My Cart

What's The Difference Between Oatmeal and Porridge?

When you’re in the mood for something warm, tasty, and familiar, few things hit quite like oatmeal and porridge, the ultimate comfort foods. Each filling bowl is perfect for starting your day off on a cozy note whether you’re getting ready to face the workday or settling in on a cold, rainy weekend. 

Because they’re so similar, oatmeal and porridge are often referred to interchangeably. But there are some key distinctions that set them apart from each other. If you’ve ever found yourself wondering what the difference is between oatmeal and porridge, here’s your answer – plus how Yishi’s delicious flavors like Toasted Black Sesame Oatmeal can satisfy your cravings for both! 

What is porridge? 

Porridge is sometimes known as “hot cereal,” but don’t let the name fool you. Even though porridge is a popular choice for a warm, hearty breakfast, the various recipes and toppings you can add mean it can also be eaten around the clock. 

Porridge is made by boiling grains, legumes, or other starchy carbohydrates in hot liquid like milk or water. The starches begin to break down as they cook, eventually becoming thick, rich, and creamy. Some popular base ingredients that are used to make porridge include: 

  • Rice 
  • Wheat 
  • Oats 
  • Corn

Once fully cooked, you can either eat porridge plain or add sweet or savory toppings. 

Porridge is one of our oldest foods: in fact, there’s evidence that humans have been eating different kinds of porridge throughout the entire history of mankind. 

Depending on where you are in the world, porridge recipes can look a little different. For example:

  • Porridge is a popular breakfast item in Scotland, where people have been boiling oats in water and finishing it with a pinch of salt since Medieval times. 
  • Congee is another great example of a porridge-type dish. This savory dish is a staple found in many cultures throughout Asia. It’s made by boiling rice in water or broth. 
  • Common congee ingredients and toppings include meat, chicken, fish, sesame seeds, soy sauce, eggs, and vegetables. 

What about oatmeal?

Traditionally, oatmeal is made by boiling rolled or steel-cut oats in either hot water or milk until it softens and cooks through. So technically, oatmeal is a type of porridge.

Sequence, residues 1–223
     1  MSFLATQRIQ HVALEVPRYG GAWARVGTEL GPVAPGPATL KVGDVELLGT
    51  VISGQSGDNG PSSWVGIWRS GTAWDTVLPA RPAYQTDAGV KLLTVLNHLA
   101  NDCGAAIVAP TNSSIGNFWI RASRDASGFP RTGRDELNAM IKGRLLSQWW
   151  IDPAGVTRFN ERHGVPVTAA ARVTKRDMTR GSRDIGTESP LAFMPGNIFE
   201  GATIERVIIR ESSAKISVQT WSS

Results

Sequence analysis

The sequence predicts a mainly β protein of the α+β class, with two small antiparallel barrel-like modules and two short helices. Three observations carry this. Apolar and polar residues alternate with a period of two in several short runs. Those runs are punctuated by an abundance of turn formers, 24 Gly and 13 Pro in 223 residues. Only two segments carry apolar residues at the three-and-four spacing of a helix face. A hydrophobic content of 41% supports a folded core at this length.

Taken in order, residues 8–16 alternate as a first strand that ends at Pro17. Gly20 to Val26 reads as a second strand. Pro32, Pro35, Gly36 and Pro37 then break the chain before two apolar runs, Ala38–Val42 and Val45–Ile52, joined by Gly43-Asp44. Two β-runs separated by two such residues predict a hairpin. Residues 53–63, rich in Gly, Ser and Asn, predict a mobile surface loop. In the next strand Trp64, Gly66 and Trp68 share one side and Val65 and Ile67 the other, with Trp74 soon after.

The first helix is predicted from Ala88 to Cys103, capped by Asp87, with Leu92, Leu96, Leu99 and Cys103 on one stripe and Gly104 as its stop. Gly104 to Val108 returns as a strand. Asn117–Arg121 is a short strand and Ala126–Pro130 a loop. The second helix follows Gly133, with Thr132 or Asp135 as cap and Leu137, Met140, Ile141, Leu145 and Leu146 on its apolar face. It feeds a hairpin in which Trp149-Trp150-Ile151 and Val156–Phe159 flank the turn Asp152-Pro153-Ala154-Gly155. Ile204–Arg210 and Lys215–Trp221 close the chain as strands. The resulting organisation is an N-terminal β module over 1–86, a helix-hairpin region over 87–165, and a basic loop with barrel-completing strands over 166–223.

However, there are still some key differences between porridge and oatmeal that puts oatmeal in a category of its own. Oatmeal generally isn’t boiled down to the point that the starches break down, like in porridge. In addition, oatmeal can be prepared using other methods, besides boiling.

For example, you can make overnight oats by soaking the oats in your liquid of choice for several hours or overnight until it becomes soft enough to eat. This kind of oatmeal is then served cold, as opposed to porridge which is traditionally a hot dish. 

While porridge can be served savory or sweet, oatmeal is more often served sweet, with toppings like cinnamon, honey, and fruit -- or fun flavors like Red Bean Berry, Sweet Osmanthus, Matcha Latte, and Taro Bubble Tea if you’re eating one of Yishi’s oatmeal products! 

How healthy are porridge and oatmeal? 

The healthiness of porridge and oatmeal depends on the ingredients that are used to make them. 

Because porridge can take the form of many dishes, its nutritional density can vary widely. 

For example, congee has been eaten as a practical and nutrient-dense meal since approximately 1000 B.C., when it originated during the Zhou Dynasty in China. It’s easily digestible and promotes gut health – historically it was used to feed people suffering from stomach aches and long-term illnesses. 

On the other hand, oatmeal has plenty of well established health benefits. Whole-grain oats are nutrient-dense and full of fiber, vitamins, and minerals. Oatmeal is often celebrated as one of the most heart-healthy foods you can add to your diet since its rich source of valuable nutrients can help improve cholesterol levels and promote better digestion.

However, some oatmeal brands add a lot of sugar, sweeteners, and other toppings, detracting from the health benefits. 

How to get the best of both worlds 

If you find yourself craving the familiar flavors of savory oatmeal but want the health benefits and versatility of oatmeal, try combining the two: Yishi’s Toasted Black Sesame Oatmeal was inspired by the toasty, comforting flavors of a bowl of porridge. 

This innovative dish celebrates the familiar flavors of toasted sesame porridge while combining it with the heart-healthy benefits and time-saving convenience of a bowl of oatmeal. It’s also packed with other functional superfoods like chia seeds, flaxseeds, walnuts, and hemp seeds for long-lasting and sustainable energy, all with zero grams of added sugar. 

The flavors of this oatmeal also lend themselves well to baking purposes. For the perfect flavor combination of savory, salty, and sweet, try using the Toasted Black Sesame Oatmeal in recipes like Black Sesame Swirl Pumpkin Waffles and Black Sesame Chocolate Lava Baked Oats


When cooked hot and with liquid, oatmeal is a type of porridge. But the versatility of oatmeal means that oatmeal can be placed in a class of its own. If you’re looking for a way to satisfy your porridge cravings every single day, Yishi’s wide range of sweet, savory, and uber-healthy oatmeal recipes is a great way to do just that. Inspired by classic Asian flavors and full to the brim with functional superfoods, Yishi Oatmeal is a delicious and nutrient-packed twist on classic porridge and oatmeal recipes. 

You May Also Like

Leave your comment

Comments have to be approved before showing up